“What is transfer pricing?”
If you have this question please read this article carefully. Because neglecting transfer pricing rules can result in financial risk for your firm.
After reading this article, you understand the concept of transfer pricing. First, we define transfer pricing. Next, you will discover the potential financial risks you face when not taking the right steps. Lastly, you learn which requirements your firm needs to meet.
Transfer Prices Defined
Transfer prices refer to the terms and conditions which so-called “associated enterprises” agree for their “controlled transactions.” Examples of such transactions are the provision of management services, the supply of goods and the provision of loans.
According to this widely used OECD definition, enterprises are associated if:
(a) an enterprise participates directly or indirectly in the management, control or capital of another enterprise or (b) the same persons participate directly or indirectly in the management, control or capital of two enterprises.
Now we know the concept of associated enterprises. The following example shows this practice in a graph:
In the picture you see that Enterprise X manufactures pianos in Malaysia. Enterprise Y distributes these from Hong Kong. Both X and Y are 100% owned by Enterprise Z. Because Z participates directly in the capital of both X and Y, they are all associated enterprises.
When selling pianos on the market, Z has no control on the price at which one piano is sold. Reason is that prices are set by supply and demand. Currently, the market price for one piano is USD 5,000. However, Z does control any transactions between X and Y.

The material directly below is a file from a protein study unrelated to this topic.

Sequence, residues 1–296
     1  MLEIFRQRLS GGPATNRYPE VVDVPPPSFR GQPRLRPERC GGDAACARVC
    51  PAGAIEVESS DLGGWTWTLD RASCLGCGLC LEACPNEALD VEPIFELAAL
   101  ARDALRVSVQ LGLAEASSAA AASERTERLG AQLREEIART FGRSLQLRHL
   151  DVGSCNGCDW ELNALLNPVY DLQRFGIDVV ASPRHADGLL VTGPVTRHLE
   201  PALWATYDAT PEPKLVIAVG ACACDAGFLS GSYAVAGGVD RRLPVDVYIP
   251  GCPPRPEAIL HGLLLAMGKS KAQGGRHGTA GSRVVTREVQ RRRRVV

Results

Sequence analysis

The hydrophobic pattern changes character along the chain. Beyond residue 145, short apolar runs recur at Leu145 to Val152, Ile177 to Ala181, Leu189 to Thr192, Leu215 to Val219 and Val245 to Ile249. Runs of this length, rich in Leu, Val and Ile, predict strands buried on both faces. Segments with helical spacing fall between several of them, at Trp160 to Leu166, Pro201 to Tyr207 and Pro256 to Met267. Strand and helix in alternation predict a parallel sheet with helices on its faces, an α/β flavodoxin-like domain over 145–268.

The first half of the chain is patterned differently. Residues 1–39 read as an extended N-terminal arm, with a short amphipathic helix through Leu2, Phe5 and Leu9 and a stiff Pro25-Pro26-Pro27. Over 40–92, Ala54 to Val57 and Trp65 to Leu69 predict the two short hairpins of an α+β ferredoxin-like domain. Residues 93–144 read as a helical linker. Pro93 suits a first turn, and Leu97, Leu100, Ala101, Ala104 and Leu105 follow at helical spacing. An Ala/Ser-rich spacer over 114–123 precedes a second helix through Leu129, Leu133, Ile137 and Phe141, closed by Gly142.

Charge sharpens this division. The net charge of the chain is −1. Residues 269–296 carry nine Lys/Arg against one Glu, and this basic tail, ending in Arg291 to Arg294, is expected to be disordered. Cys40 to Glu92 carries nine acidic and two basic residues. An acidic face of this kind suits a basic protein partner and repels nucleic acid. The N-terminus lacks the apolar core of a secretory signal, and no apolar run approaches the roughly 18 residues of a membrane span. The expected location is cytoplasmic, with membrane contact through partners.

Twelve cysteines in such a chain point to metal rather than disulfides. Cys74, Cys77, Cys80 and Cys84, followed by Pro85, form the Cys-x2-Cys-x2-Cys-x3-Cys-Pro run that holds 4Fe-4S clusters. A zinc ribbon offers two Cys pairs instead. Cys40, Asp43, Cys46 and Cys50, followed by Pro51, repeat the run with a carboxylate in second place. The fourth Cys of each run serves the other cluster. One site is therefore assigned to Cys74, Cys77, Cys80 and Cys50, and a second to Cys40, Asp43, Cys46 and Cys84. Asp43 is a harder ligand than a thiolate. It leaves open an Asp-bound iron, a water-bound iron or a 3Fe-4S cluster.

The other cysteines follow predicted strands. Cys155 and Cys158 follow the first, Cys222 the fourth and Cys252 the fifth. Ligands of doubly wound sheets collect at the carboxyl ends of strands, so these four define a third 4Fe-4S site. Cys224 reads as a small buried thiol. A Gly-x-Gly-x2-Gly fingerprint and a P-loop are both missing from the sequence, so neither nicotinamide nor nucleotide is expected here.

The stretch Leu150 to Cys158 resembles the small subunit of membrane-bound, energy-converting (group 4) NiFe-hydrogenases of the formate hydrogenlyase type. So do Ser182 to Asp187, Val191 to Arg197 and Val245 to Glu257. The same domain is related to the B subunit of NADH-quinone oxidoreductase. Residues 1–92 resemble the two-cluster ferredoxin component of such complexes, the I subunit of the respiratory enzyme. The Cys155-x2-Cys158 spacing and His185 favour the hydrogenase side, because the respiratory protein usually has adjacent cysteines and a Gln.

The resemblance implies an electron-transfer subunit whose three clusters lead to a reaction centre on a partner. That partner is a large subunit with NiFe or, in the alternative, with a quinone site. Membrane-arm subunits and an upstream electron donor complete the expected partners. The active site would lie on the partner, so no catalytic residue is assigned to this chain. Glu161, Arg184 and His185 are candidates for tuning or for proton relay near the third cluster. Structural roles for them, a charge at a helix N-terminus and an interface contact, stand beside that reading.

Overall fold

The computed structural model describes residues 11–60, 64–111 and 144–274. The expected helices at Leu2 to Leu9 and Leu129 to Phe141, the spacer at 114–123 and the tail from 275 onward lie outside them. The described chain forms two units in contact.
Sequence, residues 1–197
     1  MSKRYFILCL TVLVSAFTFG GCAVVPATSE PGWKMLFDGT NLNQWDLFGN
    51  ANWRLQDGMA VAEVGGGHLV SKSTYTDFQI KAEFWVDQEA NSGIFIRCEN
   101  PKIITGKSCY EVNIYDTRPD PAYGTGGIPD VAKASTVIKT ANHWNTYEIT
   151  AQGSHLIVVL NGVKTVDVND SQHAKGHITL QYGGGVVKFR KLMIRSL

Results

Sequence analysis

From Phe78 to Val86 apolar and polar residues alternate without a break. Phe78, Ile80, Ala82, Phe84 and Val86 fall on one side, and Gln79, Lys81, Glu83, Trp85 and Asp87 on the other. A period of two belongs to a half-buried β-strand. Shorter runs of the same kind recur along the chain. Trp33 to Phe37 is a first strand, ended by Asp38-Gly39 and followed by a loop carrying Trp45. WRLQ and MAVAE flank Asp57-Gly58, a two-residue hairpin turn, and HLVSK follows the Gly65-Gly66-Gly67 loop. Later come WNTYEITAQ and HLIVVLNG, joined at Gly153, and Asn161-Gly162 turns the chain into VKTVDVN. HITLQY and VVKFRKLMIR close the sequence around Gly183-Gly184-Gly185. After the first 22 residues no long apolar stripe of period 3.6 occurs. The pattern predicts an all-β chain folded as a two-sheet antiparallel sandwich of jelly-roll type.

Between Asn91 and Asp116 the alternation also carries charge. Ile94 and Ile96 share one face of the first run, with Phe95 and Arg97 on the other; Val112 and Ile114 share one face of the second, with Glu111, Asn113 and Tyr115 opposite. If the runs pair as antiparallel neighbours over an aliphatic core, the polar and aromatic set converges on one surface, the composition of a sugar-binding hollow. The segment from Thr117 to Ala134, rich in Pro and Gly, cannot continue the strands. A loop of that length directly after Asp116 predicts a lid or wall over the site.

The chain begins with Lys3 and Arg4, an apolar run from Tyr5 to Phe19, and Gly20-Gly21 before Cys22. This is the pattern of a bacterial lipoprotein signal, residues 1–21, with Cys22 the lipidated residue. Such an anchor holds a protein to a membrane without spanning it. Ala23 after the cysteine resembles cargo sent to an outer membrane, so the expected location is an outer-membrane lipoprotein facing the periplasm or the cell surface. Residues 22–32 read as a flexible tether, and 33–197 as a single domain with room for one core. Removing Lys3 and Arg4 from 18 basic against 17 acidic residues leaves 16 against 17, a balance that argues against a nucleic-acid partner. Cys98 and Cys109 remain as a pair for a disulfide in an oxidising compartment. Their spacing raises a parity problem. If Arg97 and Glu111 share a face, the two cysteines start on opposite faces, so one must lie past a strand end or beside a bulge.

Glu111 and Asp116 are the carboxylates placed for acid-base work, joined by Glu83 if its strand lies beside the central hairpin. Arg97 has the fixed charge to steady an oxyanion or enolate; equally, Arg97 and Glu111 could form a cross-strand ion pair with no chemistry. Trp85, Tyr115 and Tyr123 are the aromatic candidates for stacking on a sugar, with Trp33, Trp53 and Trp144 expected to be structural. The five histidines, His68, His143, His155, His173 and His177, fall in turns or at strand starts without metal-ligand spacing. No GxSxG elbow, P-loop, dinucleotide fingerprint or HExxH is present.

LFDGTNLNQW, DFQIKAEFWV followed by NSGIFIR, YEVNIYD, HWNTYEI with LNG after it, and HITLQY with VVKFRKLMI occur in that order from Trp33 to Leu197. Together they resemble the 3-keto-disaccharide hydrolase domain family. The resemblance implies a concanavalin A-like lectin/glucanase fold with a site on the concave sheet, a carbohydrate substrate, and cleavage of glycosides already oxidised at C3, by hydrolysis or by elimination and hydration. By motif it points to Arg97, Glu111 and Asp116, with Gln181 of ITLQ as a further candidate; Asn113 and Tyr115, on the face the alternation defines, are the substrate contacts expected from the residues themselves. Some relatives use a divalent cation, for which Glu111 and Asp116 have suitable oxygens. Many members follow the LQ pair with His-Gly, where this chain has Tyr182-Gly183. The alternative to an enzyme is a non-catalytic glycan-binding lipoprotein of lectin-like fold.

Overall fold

Therefore, the internal sale of a piano by X to Y is called a “controlled transaction.” The price charged for this transaction is what is called a “transfer price.”
Why Are Transfer Prices Important?
We now understand what a transfer price is. But why is this relevant?
Let’s go back to our example.
The price at which one piano is sold by X to Y affects their individual financial results (remember: this is the controlled transaction). If X charges a high price, X makes more profit. If X charges a low price, Y makes more profit.
From a commercial perspective, the price doesn’t matter. The financial results of X and Y are consolidated. For shareholder Z, it doesn’t matter which of the two companies makes the profit. However, from a tax perspective it does matter.
X is taxed in Malaysia and Y is taxed in Hong Kong. The corporate tax rate in Hong Kong is 16.5%. In Malaysia, it is 25%. Z wants to see as much profit after tax as possible. Z can use its influence as a shareholder to set the prices in such a way that the profits are highest where taxes are lowest.
Some numbers to explain this example:
Say that the direct / indirect costs of manufacturing one piano are USD 1,000. And say that the average third party piano manufacturer similar to Y realizes a profit before tax of USD 3,000 when selling one piano to a distributor. We already know that the market price for one piano is USD 5,000.
Now, we will show 2 scenarios. Scenario 1 shows the profit if the price X charges to Y for the supply of one piano is similar to the market price (USD 4,000 as this ensures a profit of USD 3,000). The 2nd scenario shows the potential profit when X charges a non-market price of USD 2,000.
But what if the transfer price for the sale of one piano is lower? In that case, the following results can be shown: